The grant, which was made to the CDC Foundation's Global Disaster Response Fund, will help the U.S. Centers for Disease Control and Prevention and the ministries of health in Guinea, Liberia, and Sierra Leone, the three countries most affected by the virus, establish emergency operations centers that can manage and improve the response to the deteriorating situation. The funds will be used to build health center infrastructure, train emergency operation center staff, and support detection of the virus through a multi-pronged approach of incident management systems, staff protocols, surveillance data collection and analysis, access to laboratory testing, and communication systems.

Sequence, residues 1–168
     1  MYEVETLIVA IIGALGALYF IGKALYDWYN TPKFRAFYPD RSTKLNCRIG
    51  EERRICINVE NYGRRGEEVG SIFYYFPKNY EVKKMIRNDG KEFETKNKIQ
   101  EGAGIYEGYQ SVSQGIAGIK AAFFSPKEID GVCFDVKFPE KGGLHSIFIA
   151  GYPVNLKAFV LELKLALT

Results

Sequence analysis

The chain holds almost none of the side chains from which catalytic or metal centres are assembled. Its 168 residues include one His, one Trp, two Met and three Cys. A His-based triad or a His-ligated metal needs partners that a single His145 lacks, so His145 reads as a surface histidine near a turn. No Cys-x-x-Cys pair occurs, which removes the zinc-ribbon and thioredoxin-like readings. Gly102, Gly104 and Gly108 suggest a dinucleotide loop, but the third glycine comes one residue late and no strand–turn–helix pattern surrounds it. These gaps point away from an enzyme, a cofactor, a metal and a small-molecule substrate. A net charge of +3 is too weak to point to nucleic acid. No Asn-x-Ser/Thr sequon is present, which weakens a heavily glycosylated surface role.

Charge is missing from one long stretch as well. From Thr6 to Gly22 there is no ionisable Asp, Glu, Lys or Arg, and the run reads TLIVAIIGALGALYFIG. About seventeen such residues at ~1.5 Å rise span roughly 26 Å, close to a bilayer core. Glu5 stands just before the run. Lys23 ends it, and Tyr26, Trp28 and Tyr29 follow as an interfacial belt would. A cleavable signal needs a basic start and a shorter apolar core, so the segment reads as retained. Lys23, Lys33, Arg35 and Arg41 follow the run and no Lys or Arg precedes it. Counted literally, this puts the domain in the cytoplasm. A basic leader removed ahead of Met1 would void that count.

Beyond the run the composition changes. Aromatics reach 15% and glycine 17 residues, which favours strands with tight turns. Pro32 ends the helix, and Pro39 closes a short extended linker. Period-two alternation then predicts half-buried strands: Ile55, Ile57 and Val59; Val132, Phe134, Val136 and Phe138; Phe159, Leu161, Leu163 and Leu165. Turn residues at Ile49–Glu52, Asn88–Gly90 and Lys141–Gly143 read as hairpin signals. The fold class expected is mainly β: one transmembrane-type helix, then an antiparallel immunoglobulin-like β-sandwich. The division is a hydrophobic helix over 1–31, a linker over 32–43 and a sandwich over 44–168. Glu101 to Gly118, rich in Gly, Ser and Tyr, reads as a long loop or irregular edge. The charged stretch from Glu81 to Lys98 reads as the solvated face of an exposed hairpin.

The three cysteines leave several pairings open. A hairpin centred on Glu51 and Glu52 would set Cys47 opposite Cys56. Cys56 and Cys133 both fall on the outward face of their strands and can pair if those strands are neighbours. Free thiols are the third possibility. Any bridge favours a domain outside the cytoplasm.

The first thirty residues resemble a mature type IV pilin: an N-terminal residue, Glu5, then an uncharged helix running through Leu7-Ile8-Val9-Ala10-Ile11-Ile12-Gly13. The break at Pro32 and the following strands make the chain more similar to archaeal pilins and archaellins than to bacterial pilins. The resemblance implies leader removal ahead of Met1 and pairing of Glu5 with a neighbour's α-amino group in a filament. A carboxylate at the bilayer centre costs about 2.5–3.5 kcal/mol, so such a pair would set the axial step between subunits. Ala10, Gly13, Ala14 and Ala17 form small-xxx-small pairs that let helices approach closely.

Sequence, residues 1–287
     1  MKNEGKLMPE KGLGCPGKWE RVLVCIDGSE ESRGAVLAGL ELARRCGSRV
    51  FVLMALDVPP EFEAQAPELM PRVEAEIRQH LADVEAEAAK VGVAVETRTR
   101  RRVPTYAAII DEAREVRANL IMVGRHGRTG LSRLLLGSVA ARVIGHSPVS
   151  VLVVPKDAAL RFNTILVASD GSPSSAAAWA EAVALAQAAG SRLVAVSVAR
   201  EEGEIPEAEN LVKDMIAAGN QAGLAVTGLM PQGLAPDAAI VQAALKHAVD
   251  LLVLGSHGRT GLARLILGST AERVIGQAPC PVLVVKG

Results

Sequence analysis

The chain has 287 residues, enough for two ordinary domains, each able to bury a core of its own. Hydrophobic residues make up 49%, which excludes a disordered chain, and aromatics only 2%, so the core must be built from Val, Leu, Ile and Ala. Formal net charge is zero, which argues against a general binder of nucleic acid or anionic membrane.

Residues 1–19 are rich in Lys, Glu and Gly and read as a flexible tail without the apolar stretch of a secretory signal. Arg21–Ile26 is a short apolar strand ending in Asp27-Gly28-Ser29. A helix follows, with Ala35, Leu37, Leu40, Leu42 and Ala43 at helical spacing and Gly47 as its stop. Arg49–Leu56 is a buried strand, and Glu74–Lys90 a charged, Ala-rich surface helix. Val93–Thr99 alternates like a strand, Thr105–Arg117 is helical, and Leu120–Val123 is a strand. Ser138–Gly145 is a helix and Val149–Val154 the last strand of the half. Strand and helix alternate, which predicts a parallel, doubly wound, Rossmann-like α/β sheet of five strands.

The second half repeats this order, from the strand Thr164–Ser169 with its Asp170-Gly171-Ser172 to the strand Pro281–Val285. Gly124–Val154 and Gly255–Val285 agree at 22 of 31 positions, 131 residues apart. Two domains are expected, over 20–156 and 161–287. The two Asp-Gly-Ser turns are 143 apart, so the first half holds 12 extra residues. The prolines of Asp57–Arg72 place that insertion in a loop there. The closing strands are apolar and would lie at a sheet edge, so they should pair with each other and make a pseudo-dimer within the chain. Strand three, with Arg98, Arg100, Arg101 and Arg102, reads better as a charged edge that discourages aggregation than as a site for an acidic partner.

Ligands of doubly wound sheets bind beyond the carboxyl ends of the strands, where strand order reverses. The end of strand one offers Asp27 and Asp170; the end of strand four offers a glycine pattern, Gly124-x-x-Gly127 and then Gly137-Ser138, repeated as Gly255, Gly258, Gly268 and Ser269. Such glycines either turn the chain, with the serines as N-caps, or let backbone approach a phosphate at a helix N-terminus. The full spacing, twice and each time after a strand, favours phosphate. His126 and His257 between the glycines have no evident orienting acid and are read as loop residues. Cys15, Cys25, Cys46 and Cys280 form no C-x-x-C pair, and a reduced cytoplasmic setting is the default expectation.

"Ebola is raging through parts of West Africa like an out-of-control forest fire, but it can be controlled if the world comes together," said CDC director Tom Frieden. "The donation from the Paul G. Allen Family Foundation helps meet a critical need as emergency operations centers are vital to coordinating the response to stop this epidemic and to prevent other ones in the future."
“The tragedy of Ebola is that we know how to tackle the disease, but the governments in West Africa are in dire need of more resources and solutions to treat and contain the virus,” said Paul Allen. “This contribution is just the beginning of an ongoing commitment to help the people of West Africa. Money is only part of the answer. We need creative and practical solutions for the logistical, healthcare worker safety, and in-country education challenges aid organizations are facing.”